Williams v. State, S14A1625, March 27, 2015. A legal earthquake is shaking things up in Georgia DUI law. John Williams was convicted of driving under the influence of drugs. He moved to suppress the state administered blood test on the basis that Georgia’s Implied Consent Statute does not amount to the required voluntary consent under the 4th Amendment of the United States and Georgia Constitutions. In this case, Williams was not asked if he freely and voluntary consented to the tests but simply was read the Implied Consent Statute and was asked to respond yes or no.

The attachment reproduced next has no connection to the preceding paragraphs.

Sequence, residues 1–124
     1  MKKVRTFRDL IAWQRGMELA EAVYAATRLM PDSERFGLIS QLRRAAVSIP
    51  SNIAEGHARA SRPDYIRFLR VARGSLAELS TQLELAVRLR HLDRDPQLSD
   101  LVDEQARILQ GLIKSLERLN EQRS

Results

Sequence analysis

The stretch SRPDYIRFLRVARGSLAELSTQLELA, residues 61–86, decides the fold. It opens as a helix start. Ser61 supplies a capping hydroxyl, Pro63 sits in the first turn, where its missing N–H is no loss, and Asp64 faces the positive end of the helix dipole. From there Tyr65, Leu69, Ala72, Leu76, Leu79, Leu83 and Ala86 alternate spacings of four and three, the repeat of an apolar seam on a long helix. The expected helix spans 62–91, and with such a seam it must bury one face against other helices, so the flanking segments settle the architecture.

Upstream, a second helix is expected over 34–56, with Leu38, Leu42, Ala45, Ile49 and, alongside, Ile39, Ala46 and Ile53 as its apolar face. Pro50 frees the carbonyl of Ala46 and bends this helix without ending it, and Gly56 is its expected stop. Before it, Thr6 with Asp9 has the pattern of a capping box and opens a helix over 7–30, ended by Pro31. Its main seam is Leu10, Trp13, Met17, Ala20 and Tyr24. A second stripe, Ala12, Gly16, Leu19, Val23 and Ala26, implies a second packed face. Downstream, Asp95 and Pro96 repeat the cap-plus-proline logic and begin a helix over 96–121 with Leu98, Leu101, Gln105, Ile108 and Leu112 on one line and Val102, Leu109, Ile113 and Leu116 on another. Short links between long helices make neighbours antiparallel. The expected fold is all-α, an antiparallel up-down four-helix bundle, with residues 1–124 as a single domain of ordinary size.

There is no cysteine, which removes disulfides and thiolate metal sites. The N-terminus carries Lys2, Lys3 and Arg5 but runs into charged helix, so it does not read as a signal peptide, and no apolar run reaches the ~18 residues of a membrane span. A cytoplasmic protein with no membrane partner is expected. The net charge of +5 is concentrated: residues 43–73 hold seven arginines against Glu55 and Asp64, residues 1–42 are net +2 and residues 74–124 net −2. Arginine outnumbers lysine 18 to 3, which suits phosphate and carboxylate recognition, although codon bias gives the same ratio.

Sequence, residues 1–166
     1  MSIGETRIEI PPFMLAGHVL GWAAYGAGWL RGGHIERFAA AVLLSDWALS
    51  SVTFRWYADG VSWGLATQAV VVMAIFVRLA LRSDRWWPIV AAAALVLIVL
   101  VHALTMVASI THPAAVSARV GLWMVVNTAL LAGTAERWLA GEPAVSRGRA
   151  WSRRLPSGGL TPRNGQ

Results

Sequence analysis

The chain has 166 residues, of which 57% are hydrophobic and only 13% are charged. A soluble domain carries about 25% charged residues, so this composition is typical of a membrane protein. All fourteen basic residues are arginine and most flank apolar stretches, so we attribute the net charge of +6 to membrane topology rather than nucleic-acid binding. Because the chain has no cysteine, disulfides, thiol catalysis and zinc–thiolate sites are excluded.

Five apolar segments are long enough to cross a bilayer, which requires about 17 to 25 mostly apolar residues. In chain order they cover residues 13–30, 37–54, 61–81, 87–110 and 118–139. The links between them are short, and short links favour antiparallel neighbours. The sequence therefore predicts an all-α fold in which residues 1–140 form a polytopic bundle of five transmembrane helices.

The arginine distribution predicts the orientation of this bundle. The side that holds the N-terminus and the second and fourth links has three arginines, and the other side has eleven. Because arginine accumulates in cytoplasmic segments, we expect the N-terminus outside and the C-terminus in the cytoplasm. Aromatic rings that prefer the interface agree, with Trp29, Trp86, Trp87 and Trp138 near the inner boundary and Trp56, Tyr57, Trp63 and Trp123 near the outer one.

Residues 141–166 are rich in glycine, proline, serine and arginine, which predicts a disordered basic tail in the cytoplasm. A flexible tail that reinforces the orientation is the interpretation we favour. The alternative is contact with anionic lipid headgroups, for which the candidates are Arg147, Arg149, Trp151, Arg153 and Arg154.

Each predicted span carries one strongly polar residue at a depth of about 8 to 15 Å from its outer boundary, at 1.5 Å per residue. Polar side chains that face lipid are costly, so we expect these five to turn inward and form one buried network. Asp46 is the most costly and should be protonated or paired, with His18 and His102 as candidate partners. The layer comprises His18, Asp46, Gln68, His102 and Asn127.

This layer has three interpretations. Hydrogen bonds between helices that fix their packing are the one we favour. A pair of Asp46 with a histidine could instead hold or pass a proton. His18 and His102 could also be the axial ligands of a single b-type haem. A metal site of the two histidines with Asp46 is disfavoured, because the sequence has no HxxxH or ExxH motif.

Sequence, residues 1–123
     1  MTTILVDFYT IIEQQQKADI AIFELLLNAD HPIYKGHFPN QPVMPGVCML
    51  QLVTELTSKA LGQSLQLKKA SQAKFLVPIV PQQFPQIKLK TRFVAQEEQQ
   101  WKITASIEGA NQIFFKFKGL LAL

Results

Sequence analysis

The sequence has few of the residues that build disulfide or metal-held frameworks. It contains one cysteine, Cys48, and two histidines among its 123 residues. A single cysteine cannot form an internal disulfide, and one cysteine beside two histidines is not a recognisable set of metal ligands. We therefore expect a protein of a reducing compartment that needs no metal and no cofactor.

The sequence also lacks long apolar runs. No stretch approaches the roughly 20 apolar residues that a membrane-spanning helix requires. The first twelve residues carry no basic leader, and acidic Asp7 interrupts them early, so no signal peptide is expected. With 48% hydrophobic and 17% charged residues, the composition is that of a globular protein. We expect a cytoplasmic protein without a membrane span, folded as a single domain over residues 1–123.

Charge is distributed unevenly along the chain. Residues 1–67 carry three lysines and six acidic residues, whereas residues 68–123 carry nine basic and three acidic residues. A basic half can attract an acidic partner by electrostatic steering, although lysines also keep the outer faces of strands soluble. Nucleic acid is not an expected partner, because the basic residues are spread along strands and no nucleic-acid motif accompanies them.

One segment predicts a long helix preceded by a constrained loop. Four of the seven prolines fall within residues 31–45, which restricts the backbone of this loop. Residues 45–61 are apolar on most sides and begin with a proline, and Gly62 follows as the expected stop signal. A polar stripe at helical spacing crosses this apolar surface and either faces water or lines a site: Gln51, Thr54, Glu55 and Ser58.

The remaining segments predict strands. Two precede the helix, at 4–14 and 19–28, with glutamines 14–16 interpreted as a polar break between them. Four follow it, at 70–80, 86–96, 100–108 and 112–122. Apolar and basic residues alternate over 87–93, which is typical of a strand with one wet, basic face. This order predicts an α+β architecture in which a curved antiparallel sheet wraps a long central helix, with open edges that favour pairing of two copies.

First, the Georgia Supreme Court held that and State intrusions into the body require a warrant. Second, the Court held that warrantless searches are presumed unreasonable unless some recognized exception exists, Third, the Court held that the exigent circumstances exception or loophole did not apply in a DUI case simply because alcohol dissipates over time as in Missouri v. McNeely, 569 US ___, 133 S.Ct. 1552, 185 LE2d 696 (2013). The only loophole left is the voluntary consent exception. So the Supreme Court sent the case back to determine if Williams gave voluntary consent to a blood test outside of the Implied Consent rights to see if that loophole to the Constitution applied. The only question that remains is if actual consent is required for a breath test as well.